The prime minister is now looking at transferring NIS 400 million ($117 million) to ultra-Orthodox yeshivas in order to lessen the parties’ opposition to new elections, Channel 12 reported.

Likud faction chairman and coalition whip Miki Zohar dismissed the threat that ultra-Orthodox parties will not remain in the bloc of right-wing and religious parties led by Likud under Netanyahu.

“I have no doubt that the right-wing bloc will be preserved,” he said. “I don’t think there is a chance of cooperation with left-wing elements.”

On Monday, Interior Minister Aryeh Deri, who leads Shas, warned Likud and Blue and White to ease up on threats of breaking up the coalition.

“The Israeli people will not forgive us if we go to elections,” he said in an interview with Channel 12. “The people don’t understand [this dispute] and want us to work together.”

Deri, who was instrumental in helping bring Netanyahu and Gantz together into a unity coalition, said he was continuing to try and mediate.

Interior Minister Aryeh Deri in the Knesset on March 3, 2020. (Yonatan Sindel/Flash90)

Amid deep distrust between the two parties, Gantz has vowed not to back down from his demand for a two-year budget, as stipulated by the coalition agreement.

In seeking to renege on his coalition deal with Gantz and pass a budget covering only the remainder of the current year, Netanyahu has been citing the uncertainty created by the coronavirus crisis, but many see it as a way for him to back out of the power-sharing arrangement he signed with Gantz.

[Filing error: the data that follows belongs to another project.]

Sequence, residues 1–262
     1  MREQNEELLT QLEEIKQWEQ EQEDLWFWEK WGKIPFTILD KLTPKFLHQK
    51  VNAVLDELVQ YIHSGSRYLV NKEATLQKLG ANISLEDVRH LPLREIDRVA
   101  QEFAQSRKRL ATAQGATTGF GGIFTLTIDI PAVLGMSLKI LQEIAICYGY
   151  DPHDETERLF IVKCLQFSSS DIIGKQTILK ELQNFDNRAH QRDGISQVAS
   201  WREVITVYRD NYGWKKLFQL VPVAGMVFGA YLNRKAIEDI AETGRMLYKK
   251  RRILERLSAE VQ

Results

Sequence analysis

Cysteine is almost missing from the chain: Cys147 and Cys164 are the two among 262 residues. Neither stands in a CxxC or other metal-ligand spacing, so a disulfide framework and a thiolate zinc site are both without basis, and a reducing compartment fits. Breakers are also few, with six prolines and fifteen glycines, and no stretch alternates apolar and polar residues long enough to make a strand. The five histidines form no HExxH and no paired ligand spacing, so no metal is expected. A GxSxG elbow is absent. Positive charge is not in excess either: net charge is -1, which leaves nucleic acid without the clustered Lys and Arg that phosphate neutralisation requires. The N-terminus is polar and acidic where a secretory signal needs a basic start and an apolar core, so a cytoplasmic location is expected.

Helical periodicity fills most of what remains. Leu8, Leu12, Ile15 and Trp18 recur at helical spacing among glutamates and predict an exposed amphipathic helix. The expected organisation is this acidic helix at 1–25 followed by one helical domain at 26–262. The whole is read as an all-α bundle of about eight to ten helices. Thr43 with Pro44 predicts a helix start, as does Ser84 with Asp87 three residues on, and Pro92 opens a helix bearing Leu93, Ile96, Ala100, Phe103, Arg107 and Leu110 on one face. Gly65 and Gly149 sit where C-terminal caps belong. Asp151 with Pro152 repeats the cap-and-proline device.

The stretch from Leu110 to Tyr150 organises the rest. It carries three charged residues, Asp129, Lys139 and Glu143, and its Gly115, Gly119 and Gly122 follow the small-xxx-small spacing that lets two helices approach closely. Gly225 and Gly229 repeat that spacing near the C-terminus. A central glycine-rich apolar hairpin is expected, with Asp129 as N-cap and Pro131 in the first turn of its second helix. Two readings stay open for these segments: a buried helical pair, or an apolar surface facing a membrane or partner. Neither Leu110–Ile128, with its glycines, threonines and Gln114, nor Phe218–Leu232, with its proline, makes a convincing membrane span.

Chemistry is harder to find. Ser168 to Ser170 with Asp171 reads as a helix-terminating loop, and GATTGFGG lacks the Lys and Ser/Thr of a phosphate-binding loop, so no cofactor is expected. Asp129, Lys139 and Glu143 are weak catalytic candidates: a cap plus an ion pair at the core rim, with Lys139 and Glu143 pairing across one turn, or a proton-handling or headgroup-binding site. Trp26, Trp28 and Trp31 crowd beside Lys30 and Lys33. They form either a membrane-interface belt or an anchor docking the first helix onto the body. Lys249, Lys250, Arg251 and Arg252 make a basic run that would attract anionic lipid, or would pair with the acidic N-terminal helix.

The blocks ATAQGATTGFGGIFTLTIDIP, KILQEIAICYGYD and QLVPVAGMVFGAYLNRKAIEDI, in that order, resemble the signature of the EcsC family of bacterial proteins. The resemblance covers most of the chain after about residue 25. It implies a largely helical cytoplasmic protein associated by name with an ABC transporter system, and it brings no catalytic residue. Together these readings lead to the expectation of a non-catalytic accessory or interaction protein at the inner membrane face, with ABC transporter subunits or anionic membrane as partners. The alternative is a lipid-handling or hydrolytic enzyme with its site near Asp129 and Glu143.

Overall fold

On Monday, Regional Cooperation Minister Ofir Akunis warned that if the Blue and White party does not back a single-year budget as pushed by his Likud party, Likud would seek to replace the unity coalition with an alternative government of 61 MKs.

Likud “isn’t going to blink” in the standoff with Blue and White over the budget, Akunis asserted.

Netanyahu is widely believed to be doubling down on the single-year budget as a way of leaving himself the option of dissolving the government next year by failing to pass a 2021 budget — the only option that, according to his complex and convoluted deal with Gantz, who is also alternate prime minister, will allow him to send the country to a new election without Gantz automatically becoming prime minister in the interim.

The unity government, formed after three successive elections proved inconclusive and finally sworn in on May 17, has since been beset by wrangling and blocking maneuvers between the right-wing Likud and centrist Blue and White.

On Sunday, coalition whip Zohar told the Kan public broadcaster, “There is a gaping chasm between us and Blue and White on many topics at an ideological level.”

“It is a like a couple that wants to divorce and that at any moment” will begin proceedings to end the marriage, he said. “That is the feeling at the moment: that it doesn’t matter what we do, it is going to end between us and Blue and White.”